Legislative update: ongoing committee meetings during the 2022 interim
By JIMMY HIDGON
14th District State Senator
Thursday, July 28, 2022 — The Kentucky General Assembly is more than a month into the 2022 interim, and committee meetings are in full swing. My fellow legislators and I receive updates on the implementation of policies passed in the past and hear testimony on various issues affecting Kentuckians.
Notable interim committee meetings have taken place so far, including the Joint Interim Committee (JIC) on Appropriations and Revenues, the IJC on Education, the IJC on Veterans Affairs, Military Affairs and Welfare. audience, and many more. I want to share with you the information gathered during these meetings.
TRIBUTE TO DEAD OFFICERS. As a member of the IJC on Veterans Affairs, Military Affairs and Public Safety, I was moved by the testimony of law enforcement and local officials in Floyd County who informed the committee of this that has happened since the June 30 shooting in the community of Allen. Floyd County Deputy William Petry, Prestonsburg Police Captain Ralph Frasure, Prestonsburg Officer Jacob Chaffins and K-9 Officer Drago were killed in the line of duty while executing a warrant for a domestic violence appeal. We heard about the heroism of each of them and the impact they had on their communities. I encourage you to watch the video of this committee meeting to learn more about these incredible officers and K-9 Drago. You can find archived legislative coverage at ket.org/legislature.
DEPLOYMENT OF BROADBAND, UPDATE OF WATER INFRASTRUCTURES. IJC on Appropriations and Revenue received an update on $250 million in funding for local governments to upgrade aging and inadequate water supply infrastructure and $300 million allocated for expansion broadband during the regular session of 2021.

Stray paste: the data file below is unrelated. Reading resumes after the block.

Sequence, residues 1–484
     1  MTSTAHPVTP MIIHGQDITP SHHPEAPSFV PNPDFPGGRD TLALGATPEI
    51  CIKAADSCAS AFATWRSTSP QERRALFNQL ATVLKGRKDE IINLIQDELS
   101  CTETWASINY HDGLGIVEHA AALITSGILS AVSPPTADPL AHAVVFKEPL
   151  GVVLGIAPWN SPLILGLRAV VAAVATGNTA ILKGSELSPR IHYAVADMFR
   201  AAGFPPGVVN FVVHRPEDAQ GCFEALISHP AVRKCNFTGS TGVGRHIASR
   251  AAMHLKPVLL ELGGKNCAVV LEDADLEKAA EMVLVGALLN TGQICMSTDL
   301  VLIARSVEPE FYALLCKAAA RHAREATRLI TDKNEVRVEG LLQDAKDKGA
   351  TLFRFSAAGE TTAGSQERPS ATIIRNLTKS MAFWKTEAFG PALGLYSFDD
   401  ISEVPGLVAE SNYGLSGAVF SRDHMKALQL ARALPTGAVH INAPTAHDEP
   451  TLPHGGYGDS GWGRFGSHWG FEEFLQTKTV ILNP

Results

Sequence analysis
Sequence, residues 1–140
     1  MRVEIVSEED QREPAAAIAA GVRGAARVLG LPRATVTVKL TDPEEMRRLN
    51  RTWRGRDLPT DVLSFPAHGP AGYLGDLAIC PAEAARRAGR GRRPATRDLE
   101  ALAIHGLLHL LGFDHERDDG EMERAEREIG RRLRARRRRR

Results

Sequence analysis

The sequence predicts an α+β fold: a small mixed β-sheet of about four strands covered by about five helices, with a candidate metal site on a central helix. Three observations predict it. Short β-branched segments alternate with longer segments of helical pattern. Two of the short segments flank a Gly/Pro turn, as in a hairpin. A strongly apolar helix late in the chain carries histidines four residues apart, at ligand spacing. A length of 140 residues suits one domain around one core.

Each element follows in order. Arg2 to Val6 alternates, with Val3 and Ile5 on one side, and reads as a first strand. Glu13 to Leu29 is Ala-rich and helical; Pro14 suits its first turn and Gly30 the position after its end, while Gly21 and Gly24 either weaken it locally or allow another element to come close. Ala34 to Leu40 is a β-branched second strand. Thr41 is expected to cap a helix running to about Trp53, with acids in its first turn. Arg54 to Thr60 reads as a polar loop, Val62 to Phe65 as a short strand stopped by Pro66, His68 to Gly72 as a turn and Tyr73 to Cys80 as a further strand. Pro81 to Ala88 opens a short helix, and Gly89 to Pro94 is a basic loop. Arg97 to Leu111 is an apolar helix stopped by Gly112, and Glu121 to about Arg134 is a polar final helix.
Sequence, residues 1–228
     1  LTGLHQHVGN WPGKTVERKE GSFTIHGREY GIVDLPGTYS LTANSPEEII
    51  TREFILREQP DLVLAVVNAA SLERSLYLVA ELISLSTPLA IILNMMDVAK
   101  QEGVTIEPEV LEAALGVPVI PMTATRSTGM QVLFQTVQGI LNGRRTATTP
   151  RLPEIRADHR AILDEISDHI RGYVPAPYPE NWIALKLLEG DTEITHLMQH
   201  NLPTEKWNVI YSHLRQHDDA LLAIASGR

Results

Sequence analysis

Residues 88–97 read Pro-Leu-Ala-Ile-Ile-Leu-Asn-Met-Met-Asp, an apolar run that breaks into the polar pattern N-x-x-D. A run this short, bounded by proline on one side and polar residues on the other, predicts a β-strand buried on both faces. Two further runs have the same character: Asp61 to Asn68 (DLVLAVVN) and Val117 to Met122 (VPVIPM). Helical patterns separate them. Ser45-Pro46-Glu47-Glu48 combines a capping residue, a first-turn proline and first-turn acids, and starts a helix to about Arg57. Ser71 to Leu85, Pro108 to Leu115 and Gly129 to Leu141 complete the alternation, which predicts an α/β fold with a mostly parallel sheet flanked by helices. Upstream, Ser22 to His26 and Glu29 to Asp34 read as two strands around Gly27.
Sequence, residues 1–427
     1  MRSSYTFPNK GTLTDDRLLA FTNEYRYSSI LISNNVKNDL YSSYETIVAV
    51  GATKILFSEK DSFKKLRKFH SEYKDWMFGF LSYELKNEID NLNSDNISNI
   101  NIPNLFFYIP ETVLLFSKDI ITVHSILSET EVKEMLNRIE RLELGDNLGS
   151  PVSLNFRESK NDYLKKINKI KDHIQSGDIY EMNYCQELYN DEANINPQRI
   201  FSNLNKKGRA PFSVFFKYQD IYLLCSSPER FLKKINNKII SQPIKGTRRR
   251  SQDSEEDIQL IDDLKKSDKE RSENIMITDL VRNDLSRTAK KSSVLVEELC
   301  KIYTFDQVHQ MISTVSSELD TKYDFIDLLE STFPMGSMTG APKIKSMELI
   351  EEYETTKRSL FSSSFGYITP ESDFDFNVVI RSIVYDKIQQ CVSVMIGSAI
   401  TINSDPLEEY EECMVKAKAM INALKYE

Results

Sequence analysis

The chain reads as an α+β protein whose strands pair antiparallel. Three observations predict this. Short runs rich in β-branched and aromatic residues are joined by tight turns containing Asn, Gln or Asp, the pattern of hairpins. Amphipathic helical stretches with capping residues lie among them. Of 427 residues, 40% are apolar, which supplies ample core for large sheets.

Forty-seven awards were recently announced by the Kentucky Infrastructure Authority (KIA) as part of the first round of broadband deployment efforts. The prizes are equivalent to nearly $90 million in grants and $204 million in total investment when private matching funds are included. This will affect more than 34,000 households and businesses in 36 counties. Bardstown, Nelson County, recently received a nearly $1.1 million grant to extend high-speed Internet access to more than 1,000 currently unserved households and businesses in Nelson, Spencer and Washington.
An additional $200 million has been committed to improving water supply and wastewater treatment infrastructure across the state. You may be familiar with recent announcements in your area where the KIA has awarded funds for local clean water programs. In February, Casey County received more than $500,000 to replace or upgrade aging and outdated equipment such as pump stations, water tanks, water meters and more.
Lebanon Water Works Company in Marion County has received over $80,000 to add a new flow meter to the raw water intake system to allow the company to better monitor water from the Rolling Fork River and Reservoir by Fagan Branch. Washington County was among those awarded a $5.6 million share last February to improve local water supply infrastructure. In April, the LaRue County Water District received nearly $300,000 for Buffalo’s water reservoir system, while Hodgenville’s Cleaner Water Program received nearly $250,000 for upgrades. at the Smith Plaza Tower. I am excited about the new allocation of funds for our counties here in the 14th Senate District.
SCHOOL SAFETY. The committee heard from several professionals in the school safety and mental health fields about current standards and the status of implementation of safety policies and mental health services in schools across the state.
Jon Akers, director of the Kentucky Center of School Safety, and Kentucky State School Marshal Ben Wilcox testified about the progress of securing school facilities and staffing and training school resource officers ( ORS).